Ecosystems and Human Well-being Synthesis: Appendix B. Effectiveness of Assessed Responses
A response is considered to be effective when its assessment indicates that it has enhanced the particular ecosystem service (or, in the case of biodiversity, its conservation and sustainable use) and contributed to human well-being without significant harm to other ecosystem services or harmful impacts to other groups of people. A response is considered promising either if it does not have a long track record to assess but appears likely to succeed or if there are known means of modifying the response so that it can become effective. A response is considered problematic if its historical use indicates either that it has not met the goals related to service enhancement (or conservation and sustainable use of biodiversity) or that it has caused significant harm to other ecosystem services. Labeling a response as effective does not mean that the historical assessment has not identified problems or harmful trade-offs. Such trade-offs almost always exist, but they are not considered significant enough as to negate the effectiveness of the response. Similarly, labeling a response as problematic does not mean that there are no promising opportunities to reform the response in a way that can meet its policy goals without undue harm to ecosystem services.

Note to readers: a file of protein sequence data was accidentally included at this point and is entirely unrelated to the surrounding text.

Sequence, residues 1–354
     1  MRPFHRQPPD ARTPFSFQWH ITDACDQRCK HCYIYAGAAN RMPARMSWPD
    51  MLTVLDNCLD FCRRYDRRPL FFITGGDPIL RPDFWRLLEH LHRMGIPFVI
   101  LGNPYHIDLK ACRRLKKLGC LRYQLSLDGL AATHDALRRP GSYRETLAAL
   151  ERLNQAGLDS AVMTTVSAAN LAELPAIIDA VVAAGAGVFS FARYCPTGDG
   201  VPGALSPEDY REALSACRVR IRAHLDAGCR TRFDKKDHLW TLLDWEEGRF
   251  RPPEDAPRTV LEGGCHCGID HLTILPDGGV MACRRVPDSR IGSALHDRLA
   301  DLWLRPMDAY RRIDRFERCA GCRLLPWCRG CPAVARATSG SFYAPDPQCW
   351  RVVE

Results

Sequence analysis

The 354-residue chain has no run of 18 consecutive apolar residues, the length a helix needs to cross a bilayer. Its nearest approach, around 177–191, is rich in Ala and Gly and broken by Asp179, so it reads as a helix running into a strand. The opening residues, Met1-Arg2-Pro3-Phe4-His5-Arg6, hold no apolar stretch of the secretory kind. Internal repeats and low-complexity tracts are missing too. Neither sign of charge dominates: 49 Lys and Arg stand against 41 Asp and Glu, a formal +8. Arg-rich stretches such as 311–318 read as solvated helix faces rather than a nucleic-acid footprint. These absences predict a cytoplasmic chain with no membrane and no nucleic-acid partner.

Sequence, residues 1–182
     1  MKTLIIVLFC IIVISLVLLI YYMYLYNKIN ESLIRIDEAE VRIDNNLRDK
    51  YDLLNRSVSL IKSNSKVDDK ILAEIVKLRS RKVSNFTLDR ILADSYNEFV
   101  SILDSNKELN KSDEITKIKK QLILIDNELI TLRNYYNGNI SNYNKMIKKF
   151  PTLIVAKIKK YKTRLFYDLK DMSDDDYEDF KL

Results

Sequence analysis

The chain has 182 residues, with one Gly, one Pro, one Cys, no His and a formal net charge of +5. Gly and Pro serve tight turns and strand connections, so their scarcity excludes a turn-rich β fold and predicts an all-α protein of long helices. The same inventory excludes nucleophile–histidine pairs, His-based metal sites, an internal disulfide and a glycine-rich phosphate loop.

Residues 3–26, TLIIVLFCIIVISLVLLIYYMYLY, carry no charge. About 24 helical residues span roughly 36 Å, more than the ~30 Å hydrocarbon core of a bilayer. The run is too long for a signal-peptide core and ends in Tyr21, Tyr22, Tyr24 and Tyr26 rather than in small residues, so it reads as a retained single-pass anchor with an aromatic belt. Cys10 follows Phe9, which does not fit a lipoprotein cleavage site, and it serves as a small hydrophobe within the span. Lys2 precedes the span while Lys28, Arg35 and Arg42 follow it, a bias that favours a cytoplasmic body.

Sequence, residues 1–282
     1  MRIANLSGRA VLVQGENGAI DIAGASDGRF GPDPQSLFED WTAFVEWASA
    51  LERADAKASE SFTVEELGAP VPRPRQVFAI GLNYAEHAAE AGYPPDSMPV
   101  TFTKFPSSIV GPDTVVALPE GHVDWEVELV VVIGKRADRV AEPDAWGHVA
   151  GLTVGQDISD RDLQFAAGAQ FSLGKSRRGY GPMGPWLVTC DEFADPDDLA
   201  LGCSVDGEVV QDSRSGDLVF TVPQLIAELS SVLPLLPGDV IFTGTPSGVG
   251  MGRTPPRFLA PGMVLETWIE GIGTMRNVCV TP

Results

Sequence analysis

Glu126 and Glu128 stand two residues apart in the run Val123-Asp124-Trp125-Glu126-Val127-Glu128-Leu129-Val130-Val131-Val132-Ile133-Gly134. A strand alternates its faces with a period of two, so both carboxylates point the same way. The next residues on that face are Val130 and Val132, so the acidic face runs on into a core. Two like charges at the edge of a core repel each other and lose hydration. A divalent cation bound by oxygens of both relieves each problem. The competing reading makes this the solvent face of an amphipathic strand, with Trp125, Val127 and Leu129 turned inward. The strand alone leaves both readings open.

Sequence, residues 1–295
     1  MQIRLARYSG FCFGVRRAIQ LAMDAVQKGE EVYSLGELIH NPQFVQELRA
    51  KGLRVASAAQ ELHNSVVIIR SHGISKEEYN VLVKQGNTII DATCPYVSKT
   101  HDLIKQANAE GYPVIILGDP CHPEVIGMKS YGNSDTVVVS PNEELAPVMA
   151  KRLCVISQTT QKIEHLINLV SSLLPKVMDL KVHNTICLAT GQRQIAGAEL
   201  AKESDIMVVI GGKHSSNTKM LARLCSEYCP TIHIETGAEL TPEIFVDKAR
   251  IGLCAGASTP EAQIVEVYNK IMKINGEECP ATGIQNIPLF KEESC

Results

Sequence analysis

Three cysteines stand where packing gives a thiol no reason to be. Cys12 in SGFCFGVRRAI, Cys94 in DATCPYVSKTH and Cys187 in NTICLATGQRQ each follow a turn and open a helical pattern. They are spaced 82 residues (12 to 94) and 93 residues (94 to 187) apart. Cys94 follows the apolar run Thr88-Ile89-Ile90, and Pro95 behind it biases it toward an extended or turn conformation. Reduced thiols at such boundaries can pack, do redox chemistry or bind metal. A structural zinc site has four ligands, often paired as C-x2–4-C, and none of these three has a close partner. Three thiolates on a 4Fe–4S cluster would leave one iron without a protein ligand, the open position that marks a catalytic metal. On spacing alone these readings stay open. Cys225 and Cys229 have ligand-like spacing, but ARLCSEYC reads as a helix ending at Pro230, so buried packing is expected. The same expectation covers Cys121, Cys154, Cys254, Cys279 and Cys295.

The typology of responses presented in the Table in this Appendix is defined by the nature of the intervention, classified as follows: institutional and legal (I), economic and incentives (E), social and behavioral (S), technological (T), and knowledge and cognitive (K). Note that the dominant class is given in the Table. The actors who make decisions to implement a response are governments at different levels, such as international (GI) (mainly through multilateral agreements or international conventions), national (GN), and local (GL); the business/industry sector (B); and civil society, which includes nongovernmental organizations (NGO), community-based and indigenous peoples organizations (C), and research institutions (R). The actors are not necessarily equally important.
The table includes responses assessed for a range of ecosystem services—food, fresh water, wood, nutrient management, flood and storm control, disease regulation, and cultural services. It also assesses responses for biodiversity conservation, integrated responses, and responses addressing one specific driver: climate change.
Disclaimer: This chapter is taken wholly from, or contains information that was originally written for the Millennium Ecosystem Assessment as published by the World Resources Institute. The content has not been modified by the Encyclopedia of Earth.
This is a chapter from Ecosystems and Human Well-being: Synthesis (full report).
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